The ALJ relied principally upon Graham's report in determining that Lanclos would be able to perform light work and thus, could not be considered disabled. The ALJ also relied upon Lanclos's own testimony, specifically, that Lanclos (1) takes care of three children; (2) performs household chores, including grocery shopping and cooking; and (3) performs all of her daily activities without assistance. The ALJ's decision describes the opinions of all three of the above physicians, but the legal analysis section fails to explain whether (or the reasons why) the ALJ apparently discredited Reed's evaluation of Lanclos. In July 2003, the Appeals Council denied Lanclos's request for review, and Lanclos then filed the present action before this Court.


  The Commissioner concedes that the ALJ's failure to adequately discuss Reed's evaluation requires a remand. See Schaal v. Apfel, 134 F.3d 496, 505 (2d Cir. 1998) (holding that failure to provide good reasons to discredit a treating physician's opinion requires remand); see also 20 C.F.R. § 404.1527(d)(2) (stating that ALJs will give "good reasons" for the weight given to a treating physician's opinion). Lanclos urges the Court to enter a finding that she is entitled to benefits and to remand solely for the purpose of calculating those benefits. Lanclos is correct that "when the record provides persuasive proof of disability and a remand for further evidentiary proceedings would serve no purpose," the Court may enter conclusive findings on a claimant's behalf. Parker v. Harris, 626 F.2d 225, 233 (2d Cir. 1980). However, this record is inconclusive; it suggests that Lanclos may or may not be entitled to benefits. In that circumstance, the ALJ (and not this Court) must weigh the evidence in the first instance. See Schaal, 134 F.3d at 504.

  Considering Lanclos's age, education, and skills, the relevant regulations mandate that if Lanclos can perform a full range of "light work," she is deemed not disabled and hence not entitled to the benefits she seeks. See 20 C.F.R. Pt. 404, Subpt. P, App. 2 § 202.17.*fn3 The relevant regulations relating to "light work" state: Light work involves lifting no more than 20 pounds at a time with frequent lifting or carrying of objects weighing up to 10 pounds. Even though the weight lifted may be very little, a job is in this category when it requires a good deal of walking or standing, or when it involves sitting most of the time with some pushing and pulling of arm or leg controls. To be considered capable of performing a full or wide range of light work, you must have the ability to do substantially all of these activities.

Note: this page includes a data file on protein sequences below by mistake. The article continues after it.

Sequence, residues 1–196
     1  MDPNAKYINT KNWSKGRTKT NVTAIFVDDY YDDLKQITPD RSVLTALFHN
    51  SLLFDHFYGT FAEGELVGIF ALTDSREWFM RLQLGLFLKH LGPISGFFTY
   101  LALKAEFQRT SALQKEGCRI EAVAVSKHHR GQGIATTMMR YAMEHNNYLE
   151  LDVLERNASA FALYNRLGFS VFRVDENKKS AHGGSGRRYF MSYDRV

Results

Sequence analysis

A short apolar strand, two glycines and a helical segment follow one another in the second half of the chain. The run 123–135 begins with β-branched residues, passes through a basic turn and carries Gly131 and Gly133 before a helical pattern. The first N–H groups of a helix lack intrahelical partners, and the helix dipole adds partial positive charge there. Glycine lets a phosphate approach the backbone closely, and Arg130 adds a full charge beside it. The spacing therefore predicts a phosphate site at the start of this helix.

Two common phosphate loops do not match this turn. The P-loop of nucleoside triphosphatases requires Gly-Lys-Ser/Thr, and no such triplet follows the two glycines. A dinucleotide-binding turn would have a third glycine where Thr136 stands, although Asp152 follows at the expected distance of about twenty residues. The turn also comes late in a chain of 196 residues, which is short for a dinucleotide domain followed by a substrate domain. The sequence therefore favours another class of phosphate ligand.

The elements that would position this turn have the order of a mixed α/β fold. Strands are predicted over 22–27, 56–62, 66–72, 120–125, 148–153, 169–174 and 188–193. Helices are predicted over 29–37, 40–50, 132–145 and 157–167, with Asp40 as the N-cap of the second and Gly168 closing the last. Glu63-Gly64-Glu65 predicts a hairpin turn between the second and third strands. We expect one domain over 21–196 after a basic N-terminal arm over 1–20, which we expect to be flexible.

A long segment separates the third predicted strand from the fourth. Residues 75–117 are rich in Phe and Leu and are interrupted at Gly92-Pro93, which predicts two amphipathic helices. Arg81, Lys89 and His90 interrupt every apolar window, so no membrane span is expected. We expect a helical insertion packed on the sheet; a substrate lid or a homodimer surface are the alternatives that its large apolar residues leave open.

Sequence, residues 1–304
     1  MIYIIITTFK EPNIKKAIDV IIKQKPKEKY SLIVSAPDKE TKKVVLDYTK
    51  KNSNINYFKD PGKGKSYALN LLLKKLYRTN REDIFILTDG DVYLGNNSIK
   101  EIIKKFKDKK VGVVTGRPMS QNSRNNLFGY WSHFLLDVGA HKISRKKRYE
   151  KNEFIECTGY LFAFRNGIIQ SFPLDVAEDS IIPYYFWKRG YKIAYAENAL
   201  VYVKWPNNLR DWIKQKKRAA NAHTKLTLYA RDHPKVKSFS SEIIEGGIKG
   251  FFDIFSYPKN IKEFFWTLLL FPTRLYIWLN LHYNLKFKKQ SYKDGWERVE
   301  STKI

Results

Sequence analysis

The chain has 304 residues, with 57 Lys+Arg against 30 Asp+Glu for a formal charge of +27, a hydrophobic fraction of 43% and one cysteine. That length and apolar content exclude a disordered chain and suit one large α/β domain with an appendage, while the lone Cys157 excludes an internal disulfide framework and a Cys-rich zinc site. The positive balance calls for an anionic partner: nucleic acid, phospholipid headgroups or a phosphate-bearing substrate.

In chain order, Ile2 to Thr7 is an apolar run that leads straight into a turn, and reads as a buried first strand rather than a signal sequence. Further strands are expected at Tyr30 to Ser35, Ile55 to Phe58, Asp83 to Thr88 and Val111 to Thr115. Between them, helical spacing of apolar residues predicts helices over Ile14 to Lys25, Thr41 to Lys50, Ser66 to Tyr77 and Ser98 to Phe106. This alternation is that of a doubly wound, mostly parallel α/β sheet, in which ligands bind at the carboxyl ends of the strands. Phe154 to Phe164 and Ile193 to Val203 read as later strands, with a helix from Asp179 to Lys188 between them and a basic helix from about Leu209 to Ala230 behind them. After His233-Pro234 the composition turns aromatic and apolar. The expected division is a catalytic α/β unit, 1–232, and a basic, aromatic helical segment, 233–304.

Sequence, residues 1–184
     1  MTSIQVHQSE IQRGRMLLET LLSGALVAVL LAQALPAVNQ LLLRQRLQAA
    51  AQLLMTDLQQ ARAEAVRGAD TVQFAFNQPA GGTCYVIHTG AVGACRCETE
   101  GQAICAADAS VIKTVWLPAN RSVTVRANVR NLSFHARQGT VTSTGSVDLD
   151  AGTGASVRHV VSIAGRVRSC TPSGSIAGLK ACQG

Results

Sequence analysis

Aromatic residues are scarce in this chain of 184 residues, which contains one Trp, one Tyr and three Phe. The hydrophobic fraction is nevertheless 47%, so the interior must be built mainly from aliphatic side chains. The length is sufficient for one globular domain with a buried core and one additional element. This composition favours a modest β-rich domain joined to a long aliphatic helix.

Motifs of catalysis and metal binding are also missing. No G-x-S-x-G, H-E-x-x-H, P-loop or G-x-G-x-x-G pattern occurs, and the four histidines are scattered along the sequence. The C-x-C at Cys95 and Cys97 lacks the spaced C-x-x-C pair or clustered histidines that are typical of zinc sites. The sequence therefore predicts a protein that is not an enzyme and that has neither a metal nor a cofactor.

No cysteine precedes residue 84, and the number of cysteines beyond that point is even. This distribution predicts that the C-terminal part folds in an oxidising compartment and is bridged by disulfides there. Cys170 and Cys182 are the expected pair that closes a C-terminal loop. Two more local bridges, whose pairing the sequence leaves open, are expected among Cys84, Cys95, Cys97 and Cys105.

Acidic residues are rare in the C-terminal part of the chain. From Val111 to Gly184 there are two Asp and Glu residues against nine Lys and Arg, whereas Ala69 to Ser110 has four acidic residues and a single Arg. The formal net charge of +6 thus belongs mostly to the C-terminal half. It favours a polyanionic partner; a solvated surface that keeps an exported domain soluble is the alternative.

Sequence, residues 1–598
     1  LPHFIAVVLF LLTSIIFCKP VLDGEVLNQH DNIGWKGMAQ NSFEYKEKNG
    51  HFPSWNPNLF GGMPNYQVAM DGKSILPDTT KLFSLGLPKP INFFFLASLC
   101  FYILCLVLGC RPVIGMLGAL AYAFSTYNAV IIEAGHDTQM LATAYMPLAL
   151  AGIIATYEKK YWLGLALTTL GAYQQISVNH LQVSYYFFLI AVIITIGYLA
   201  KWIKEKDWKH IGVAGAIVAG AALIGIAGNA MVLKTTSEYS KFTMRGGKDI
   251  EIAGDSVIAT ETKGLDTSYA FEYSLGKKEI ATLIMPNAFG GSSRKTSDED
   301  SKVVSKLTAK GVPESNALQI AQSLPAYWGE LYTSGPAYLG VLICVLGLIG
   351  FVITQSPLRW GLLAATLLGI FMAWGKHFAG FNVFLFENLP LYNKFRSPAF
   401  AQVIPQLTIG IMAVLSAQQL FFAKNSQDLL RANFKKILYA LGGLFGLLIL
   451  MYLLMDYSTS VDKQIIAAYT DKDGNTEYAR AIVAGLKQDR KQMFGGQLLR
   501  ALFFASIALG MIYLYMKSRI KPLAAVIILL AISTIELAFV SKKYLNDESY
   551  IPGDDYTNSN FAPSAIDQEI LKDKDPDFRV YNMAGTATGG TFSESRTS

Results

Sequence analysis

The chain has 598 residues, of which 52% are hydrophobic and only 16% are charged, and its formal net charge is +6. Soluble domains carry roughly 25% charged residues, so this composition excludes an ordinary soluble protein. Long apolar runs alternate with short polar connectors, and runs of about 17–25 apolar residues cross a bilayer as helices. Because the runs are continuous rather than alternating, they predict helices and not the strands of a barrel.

20 C.F.R. § 404.1567(b), 416.967(b).*fn4

  The issue presented here is whether Lanclos has conclusively shown that, under the relevant regulations, she is disabled, thus rendering any remand on that issue fufile. Lanclos argues that she has made such a showing by virtue of the content of Reed's evaluation. Lanclos dismisses the arguably contrary evidence of Graham's report on the ground that it is insubstantial and equivocal. She emphasizes that Graham qualified his conclusion by stating that Lanclos could "probably" perform light activities. (R. 174)

  The Court is not persuaded that Graham's report can be dispatched so easily. The report's relevant conclusion — that Lanclos could probably perform light activities — is made against the backdrop of more specific findings, such as the fact that Lanclos had a full range of joint motion and that she had full hand dexterity.*fn5 Moreover, Lanclos fails to address the ALJ's finding that her own testimony, such as her statement that she performed all of her daily activities unassisted, supports the assertion that she could actually perform light work. To be sure, the Court recognizes that Reed's evaluation depicts a more grim assessment of Lanclos's capacities than Graham's report, and the Court acknowledges that Reed's evaluation might furnish the basis for ...